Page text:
Farm Advice: Why vote?

This year Kiwis will go to the polls on 17 October. IrrigationNZ CEO Elizabeth Soal gives her take on why it is important to vote.


I always remember voting days from when I was growing up. We used to go to the local polling station at the vintage car club down the road. It was a family event; we all went. But our Dad would never tell us who he voted for and he said it was important that voting be confidential.  

As a child, one might not appreciate the importance of voting, but it was certainly instilled in me that voting was part of one’s civic duty. 

When I first got to cast a vote in the general election, I was a university student. Our whole flat went to the polling station around the corner and then decamped to a local watering hole to celebrate being part of democracy (this was Dunedin in the 1990s, after all…). 

New Zealand’s first parliamentary election was held in 1853, but back then, not everyone had the right to vote. The voting system has changed over time, such as the introduction of Maori electorates in 1867 and the secret ballot in 1870. We should be rightly proud that New Zealand women went to the polls for the first time in 1893, just 10 weeks after the governor, Lord Glasgow, signed the Electoral Act into law, making Aotearoa the first country where women had the right to vote in parliamentary elections. The voting age was lowered to from 21 to 18 in 1974 and MMP was introduced in 1996.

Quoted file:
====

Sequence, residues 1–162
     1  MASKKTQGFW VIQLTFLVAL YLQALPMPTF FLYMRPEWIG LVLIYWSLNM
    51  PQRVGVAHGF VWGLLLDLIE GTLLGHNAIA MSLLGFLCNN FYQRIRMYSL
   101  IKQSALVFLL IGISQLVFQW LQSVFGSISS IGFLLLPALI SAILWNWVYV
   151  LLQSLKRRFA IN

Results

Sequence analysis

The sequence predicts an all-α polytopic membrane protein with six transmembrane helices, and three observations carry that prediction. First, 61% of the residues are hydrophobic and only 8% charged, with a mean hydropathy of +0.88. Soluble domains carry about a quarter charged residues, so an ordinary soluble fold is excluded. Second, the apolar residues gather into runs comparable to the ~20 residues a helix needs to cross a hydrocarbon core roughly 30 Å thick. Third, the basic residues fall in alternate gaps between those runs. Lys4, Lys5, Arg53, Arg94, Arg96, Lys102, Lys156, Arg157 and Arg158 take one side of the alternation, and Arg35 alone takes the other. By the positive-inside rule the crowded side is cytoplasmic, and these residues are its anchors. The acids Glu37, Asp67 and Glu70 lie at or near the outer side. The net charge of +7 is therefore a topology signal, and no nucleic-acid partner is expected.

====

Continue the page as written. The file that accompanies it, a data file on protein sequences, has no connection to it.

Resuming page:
Voting is a fundamental process in a democratic system. It’s a chance for people to have a say in the people who represent them and their interests.  

New Zealand elections generally occur every three years. The last New Zealand general election took place on September 2017 to determine the membership of the 52nd New Zealand Parliament. The previous parliament was elected on 20 September 2014 and was officially dissolved on 22 August 2017. 

Many people do not vote thinking one vote will not make a change, but it does. As a parliamentary democracy, our nation’s political foundation is built around the framework of the election cycle. You may believe in having the right to vote but are unsure as to whether it will really make a difference?  

The answer is yes. Sometimes, it can be difficult to differentiate between policies. And sometimes it may seem difficult to trust politicians. However, ‘no confidence isn’t a voting option on the ballot, so it pays to do some research and find out what the parties offer and how that aligns with your core values, your priorities, and what you want to see New Zealand’s future direction to be. 

Voting gives you an opportunity to be part of decision-making that affects your community. If you do not vote, you’re leaving it up to others to determine who those decision-makers will be. It does not matter who you are or what you do, your vote counts just as much as everyone else’s.  

Politicians might make decisions you do not agree with, however, if you do not vote at all, it’s difficult to complain about the result. 


This year Kiwis will go to the polls on 17 October. We all have different priorities, so do not assume that these are going to be fulfilled by someone else voting for you. Although, this campaign is, of course, dominated by issues related to COVID-19, there are many other policy areas that affect the primary sector and water issu​​es, too.   

IrrigationNZ will continue to work with the next Government in advocating for an overarching national water strategy and for workable solutions to our freshwater issues. 

So, even if you don’t make a family or flat event of visiting the polling station, make sure you enrol and make sure you vote. 

Find farm machinery for sale in NZ 

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